INSTANT REPLAY: Whatever happened to… Jay Dahlgren?
Jay Dahlgren competed for Canada internationally for 10 years at the very highest level in track and field’s throwing events during the 1960s and ’70s.
It’s been 46 years now since she graduated from Delbrook and packed her shot, discus and javelin off to Kingston, Jamaica, for the British Empire and Commonwealth Games to compete in her very first major international games at the age of 17. It was Aug. 4-13, 1966.
She came back with a record that may never be broken as she finished third in javelin, seventh in discus and eighth in shot put, making her the only Canadian female to finish in the top eight in all three events in any of the three major competitions: Commonwealth Games, Pan-American Games and Olympics. Nowadays hardly anyone even tries to compete in all three disciplines, each requiring very different mechanics.
But if you ask Jay what are her best memories from her lengthy time in track and field, she doesn’t mention that bronze medal in Jamaica, or the bronze she won in the javelin in the Pan-Am Games the next year in Winnipeg or a third bronze she earned in 1970 at the Commonwealth Games in Edinburgh.
Instead – when we talked this week after I tracked her down at home in the historic little mining village of Cumberland, 10 kilometres from Courtenay in the Comox Valley where she’s lived the past five years – she responds without hesitation with two favourite memories from 1966 and one from 1975, the years bookmarking her international career.
The first she says are the messages her classmates signed in her Delbrook annual at graduation in June 1966, wishing her well in the Commonwealth Games that summer. She still has the yearbook in a safe place and tells me she even had it out to look at just a few months ago.
Her second favourite memory was shaking Prince Philip’s hand while he was giving out the medals at the podium ceremony in Jamaica following the javelin competition on Aug. 11, 1966. Her hand was dirty, sticky with pitch accumulated during the competition. When she realized who was going to present the medals, she tried to clean her hand with a tissue which of course stuck to her hand in little pieces. She apologized but Philip was gracious about it and they shook hands anyway.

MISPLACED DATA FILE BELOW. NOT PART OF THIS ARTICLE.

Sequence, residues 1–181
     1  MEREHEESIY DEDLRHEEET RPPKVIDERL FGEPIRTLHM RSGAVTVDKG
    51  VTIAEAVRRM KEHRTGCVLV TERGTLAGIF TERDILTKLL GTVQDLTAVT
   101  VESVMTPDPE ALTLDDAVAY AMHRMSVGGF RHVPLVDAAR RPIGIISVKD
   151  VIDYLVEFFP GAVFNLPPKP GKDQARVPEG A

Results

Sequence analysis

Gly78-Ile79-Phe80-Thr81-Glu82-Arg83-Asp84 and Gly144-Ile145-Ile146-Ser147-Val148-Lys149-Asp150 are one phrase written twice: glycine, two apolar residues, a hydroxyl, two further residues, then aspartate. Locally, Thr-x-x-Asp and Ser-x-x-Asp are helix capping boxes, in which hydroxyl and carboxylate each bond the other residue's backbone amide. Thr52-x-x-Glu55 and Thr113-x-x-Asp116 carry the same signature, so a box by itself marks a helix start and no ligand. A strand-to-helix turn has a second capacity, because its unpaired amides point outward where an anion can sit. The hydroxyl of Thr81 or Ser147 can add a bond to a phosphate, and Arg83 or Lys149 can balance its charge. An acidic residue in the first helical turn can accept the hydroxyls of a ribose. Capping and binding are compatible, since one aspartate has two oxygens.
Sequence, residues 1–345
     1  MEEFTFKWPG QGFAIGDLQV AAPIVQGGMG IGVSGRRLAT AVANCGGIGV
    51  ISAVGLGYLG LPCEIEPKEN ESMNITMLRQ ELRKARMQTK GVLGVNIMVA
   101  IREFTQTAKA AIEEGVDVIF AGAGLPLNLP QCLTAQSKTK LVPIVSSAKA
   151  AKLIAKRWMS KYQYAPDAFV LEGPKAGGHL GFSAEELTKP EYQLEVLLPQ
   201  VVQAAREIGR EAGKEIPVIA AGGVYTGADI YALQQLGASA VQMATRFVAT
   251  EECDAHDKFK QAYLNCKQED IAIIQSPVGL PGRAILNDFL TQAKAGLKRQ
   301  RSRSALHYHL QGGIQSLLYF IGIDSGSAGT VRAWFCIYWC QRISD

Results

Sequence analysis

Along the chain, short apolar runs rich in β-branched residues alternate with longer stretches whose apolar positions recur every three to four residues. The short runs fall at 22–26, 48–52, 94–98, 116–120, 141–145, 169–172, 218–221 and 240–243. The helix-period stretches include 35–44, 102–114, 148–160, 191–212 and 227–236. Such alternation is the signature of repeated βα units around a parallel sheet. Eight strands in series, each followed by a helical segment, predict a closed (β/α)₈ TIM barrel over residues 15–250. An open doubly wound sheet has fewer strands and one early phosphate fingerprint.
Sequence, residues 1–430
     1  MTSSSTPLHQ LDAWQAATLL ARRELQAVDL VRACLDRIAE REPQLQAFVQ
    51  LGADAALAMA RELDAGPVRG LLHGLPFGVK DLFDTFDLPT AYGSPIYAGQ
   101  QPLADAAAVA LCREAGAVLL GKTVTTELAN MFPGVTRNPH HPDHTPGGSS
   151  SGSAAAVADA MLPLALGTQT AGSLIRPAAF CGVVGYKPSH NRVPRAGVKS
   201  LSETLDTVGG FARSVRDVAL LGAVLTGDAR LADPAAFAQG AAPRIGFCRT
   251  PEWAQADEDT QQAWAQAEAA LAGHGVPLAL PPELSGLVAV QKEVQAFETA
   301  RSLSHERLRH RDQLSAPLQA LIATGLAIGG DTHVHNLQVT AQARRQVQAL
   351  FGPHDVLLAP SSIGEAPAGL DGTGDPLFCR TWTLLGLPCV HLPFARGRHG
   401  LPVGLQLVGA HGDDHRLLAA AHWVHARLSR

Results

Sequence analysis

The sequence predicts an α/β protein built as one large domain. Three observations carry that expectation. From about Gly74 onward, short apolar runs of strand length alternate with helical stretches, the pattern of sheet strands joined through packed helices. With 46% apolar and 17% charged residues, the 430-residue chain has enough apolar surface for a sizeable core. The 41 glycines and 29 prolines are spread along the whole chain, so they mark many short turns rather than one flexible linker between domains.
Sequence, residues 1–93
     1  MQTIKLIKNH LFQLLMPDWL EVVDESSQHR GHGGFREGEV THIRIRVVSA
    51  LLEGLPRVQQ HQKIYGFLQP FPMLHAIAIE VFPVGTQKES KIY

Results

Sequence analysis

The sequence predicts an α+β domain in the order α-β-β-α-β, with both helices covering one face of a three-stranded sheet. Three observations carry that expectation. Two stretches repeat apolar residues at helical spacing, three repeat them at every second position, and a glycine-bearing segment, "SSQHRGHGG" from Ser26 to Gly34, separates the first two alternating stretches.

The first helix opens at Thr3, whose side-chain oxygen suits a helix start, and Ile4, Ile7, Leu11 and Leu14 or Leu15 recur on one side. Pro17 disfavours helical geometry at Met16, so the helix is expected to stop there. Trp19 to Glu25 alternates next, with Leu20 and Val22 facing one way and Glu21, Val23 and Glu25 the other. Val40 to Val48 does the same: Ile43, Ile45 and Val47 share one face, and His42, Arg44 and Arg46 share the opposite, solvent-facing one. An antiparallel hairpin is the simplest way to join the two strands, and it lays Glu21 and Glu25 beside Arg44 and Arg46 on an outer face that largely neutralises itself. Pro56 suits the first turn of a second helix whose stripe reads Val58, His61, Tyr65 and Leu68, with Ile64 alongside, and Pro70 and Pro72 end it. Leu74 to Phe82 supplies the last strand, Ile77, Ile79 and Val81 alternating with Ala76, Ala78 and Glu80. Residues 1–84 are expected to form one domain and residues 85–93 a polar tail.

Her third memory occurred on June 29, 1975, at a meet in Finland in a little place called Pihtipudas, whose main claim to fame is apparently its annual javelin festival. In fact the country’s Olympic history is steeped in the javelin. Finnish men have won seven gold medals in the event and twice (1920 and 1932) the country claimed all three Olympic medals. So it was a javelin-only meet, she explains, as she recalls the sight of all these little girls out on the field throwing javelins, marvelling that no one got hit by one of the spears.
Finland was just one of the countries, mostly in Europe, she travelled to in order to test herself against the giants of the throwing world. She also competed in Japan in 1969, winning the javelin in a Tokyo meet. In addition to the gold medal – actually her favourite medal she notes – the winners were presented with a miniature cast-iron samurai helmet surrounded by purple silk and encased in a beautiful bamboo box. It’s one of her favourite gifts received during her travels.